4 Replies Latest reply: Dec 9, 2012 9:08 AM by Coriolanus
Coriolanus Level 1 Level 1 (0 points)

First off, here's part of the issue I'm having:

 

https://discussions.apple.com/message/19115908#19115908

 

However, the step recommended did not solve my problem. I have two accounts ADMIN and USER on the machine. ADMIN works flawlessly. No issues so far over the last four months since upgrading to Mt. Lion. USER on the other hand has two major issues. 1) No matter how many times it's entered the apple ID request shows up when you login. As noted above, I have tried that fix and it didn't work. 2) Once getting past entering all the info - whether skipping or entering it doesn't appear to matter - the machine doesn't appear to be holding user system preferences. I'm not a fan of the new 'natural' scrolling so I turn it off. But if you log out and log back in or restart the settings are lost when you get back in.

 

I use MainMenu to do a lot of cleanup/maintenance stuff so I've tried clearing caches, deleting corrupt preferences, reparing disk permissions.

 

Sort of at a loss and really don't want to have to reinstall the OS to fix what is most likely very simple but just not easy.

 

Thanks.


MacBook Pro, OS X Mountain Lion (10.8.2)
  • 1. Re: Account login, apple id and system preferences vaporizing
    Linc Davis Level 10 Level 10 (117,700 points)

    Problems such as yours are sometimes caused by files that should belong to you but are locked or have wrong permissions. This procedure will check for such files. It makes no changes and therefore will not, in itself, solve your problem.

    First, empty the Trash.

    Launch the Terminal application in any of the following ways:

    ☞ Enter the first few letters of its name into a Spotlight search. Select it in the results (it should be at the top.)

    ☞ In the Finder, select Go Utilities from the menu bar, or press the key combination shift-command-U. The application is in the folder that opens.

    ☞ Open LaunchPad. Click Utilities, then Terminal in the icon grid.

    Triple-click anywhere in the line below to select it, then drag or copy it — do not type — into the Terminal window:

    find . $TMPDIR.. \( -flags +sappnd,schg,uappnd,uchg -o ! -user $UID -o ! -perm -600 -o -acl \) 2> /dev/null | wc -l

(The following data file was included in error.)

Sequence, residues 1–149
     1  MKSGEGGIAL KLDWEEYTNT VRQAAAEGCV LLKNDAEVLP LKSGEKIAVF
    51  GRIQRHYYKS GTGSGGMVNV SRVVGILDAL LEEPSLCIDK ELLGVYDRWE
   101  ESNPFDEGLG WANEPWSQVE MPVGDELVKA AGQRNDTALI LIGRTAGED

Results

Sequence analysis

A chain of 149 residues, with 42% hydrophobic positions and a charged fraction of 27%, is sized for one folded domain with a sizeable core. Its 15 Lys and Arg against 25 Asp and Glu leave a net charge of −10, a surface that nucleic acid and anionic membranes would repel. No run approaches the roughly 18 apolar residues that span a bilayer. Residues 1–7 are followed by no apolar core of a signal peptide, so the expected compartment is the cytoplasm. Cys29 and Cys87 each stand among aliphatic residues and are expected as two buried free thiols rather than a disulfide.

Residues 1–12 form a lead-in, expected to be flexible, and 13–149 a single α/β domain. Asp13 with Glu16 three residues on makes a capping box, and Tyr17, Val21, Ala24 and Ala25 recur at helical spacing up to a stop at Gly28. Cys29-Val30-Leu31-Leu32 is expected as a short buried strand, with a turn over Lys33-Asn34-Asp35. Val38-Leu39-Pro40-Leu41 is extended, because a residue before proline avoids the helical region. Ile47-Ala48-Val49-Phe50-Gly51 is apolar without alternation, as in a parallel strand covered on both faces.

Press return. The command may take a noticeable amount of time to run. Wait for a new line ending in a dollar sign (“$”) to appear.

    The output of this command, on a line directly below what you entered, will be a number such as "35." Please post it in a reply.

  • 2. Re: Account login, apple id and system preferences vaporizing
    Coriolanus Level 1 Level 1 (0 points)

    Thank you for the quick reply.

     

    The number I got was:

     

    34087

  • 3. Re: Account login, apple id and system preferences vaporizing
    Linc Davis Level 10 Level 10 (117,700 points)

    Back up all data now.

    This procedure will unlock all your user files (not system files) and reset their ownership and access-control lists to the default. If you've set special values for those attributes on any of your files, they will be reverted. In that case, either stop here, or be prepared to recreate the settings if necessary. If none of this is meaningful to you, you don't need to worry about it.

     

    Step 1

    If you have more than one user account, and the one in question is not an administrator account, then temporarily promote it to administrator status in the Users & Groups preference pane. You can demote it back to standard status when this step has been completed.

    Drag or copy — do not type — the following line into the Terminal window, then press return:

    sudo chflags -R nouchg,nouappnd ~ $TMPDIR.. ; sudo chown -R $UID:20 ~ $_ ; chmod -R -N ~ $_ 2> /dev/null

    Be sure to select the whole line by triple-clicking anywhere in it. You'll be prompted for your login password, which won't be displayed when you type it. You may get a one-time warning not to screw up. You don't need to post the warning. If you don’t have a login password, you’ll need to set one before you can run the command.

    The command will take a noticeable amount of time to run. Wait for a new line ending in a dollar sign (“$”) to appear, then quit Terminal.

    Step 2

     

    Boot into Recovery by holding down the key combination command-R at startup. Release the keys when you see a gray screen with a spinning dial.

    When the OS X Utilities screen appears, select Utilities Terminal from the menu bar. A text window opens.

    In the Terminal window, type this:

    resetpassword

    That's one word with no spaces. Then press return. A Reset Password window opens. You’re not going to reset a password.

    Select your boot volume ("Macintosh HD," unless you gave it a different name) if not already selected.

    Select your username from the menu labeled Select the user account if not already selected.

    Under Reset Home Directory Permissions and ACLs, click the Reset button.

    Select  Restart from the menu bar.

  • 4. Re: Account login, apple id and system preferences vaporizing
    Coriolanus Level 1 Level 1 (0 points)

    That seems to have done the trick! Thank you very much for you help. Your instructions were very clear and straight to the point.

     

    Michael